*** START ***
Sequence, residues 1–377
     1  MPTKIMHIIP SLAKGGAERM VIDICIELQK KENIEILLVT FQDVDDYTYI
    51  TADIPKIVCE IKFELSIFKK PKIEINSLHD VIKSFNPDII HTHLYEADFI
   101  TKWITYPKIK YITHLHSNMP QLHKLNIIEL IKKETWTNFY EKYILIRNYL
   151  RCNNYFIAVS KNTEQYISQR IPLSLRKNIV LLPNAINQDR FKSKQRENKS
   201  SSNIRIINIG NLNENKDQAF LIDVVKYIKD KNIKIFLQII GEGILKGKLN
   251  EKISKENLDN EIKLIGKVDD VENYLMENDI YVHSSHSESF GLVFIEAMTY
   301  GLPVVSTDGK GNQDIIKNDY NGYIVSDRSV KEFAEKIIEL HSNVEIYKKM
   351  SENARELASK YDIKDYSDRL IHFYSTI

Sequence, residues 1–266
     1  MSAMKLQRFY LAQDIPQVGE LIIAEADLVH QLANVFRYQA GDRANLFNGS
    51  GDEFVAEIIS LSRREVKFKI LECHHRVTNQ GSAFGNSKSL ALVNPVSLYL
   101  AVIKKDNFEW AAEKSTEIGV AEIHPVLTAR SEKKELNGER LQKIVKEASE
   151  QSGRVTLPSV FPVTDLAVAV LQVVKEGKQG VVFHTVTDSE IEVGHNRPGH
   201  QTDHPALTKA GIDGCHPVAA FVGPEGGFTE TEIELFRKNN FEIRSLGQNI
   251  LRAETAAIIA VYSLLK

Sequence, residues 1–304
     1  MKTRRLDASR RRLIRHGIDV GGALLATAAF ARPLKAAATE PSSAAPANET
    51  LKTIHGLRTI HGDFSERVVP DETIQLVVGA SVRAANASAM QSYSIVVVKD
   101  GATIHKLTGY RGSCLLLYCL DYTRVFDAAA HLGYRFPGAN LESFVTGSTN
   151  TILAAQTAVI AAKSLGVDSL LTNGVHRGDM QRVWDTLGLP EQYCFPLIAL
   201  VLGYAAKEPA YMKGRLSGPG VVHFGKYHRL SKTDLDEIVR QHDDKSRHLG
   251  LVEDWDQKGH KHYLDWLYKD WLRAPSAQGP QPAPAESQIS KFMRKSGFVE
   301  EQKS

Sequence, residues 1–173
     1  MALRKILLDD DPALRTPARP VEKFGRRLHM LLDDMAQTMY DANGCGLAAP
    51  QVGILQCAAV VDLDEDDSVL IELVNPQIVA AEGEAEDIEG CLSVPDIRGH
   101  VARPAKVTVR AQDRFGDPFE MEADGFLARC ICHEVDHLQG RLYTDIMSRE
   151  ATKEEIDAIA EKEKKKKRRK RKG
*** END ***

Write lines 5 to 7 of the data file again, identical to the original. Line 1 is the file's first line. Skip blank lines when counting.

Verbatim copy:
   151  RCNNYFIAVS KNTEQYISQR IPLSLRKNIV LLPNAINQDR FKSKQRENKS
   201  SSNIRIINIG NLNENKDQAF LIDVVKYIKD KNIKIFLQII GEGILKGKLN
   251  EKISKENLDN EIKLIGKVDD VENYLMENDI YVHSSHSESF GLVFIEAMTY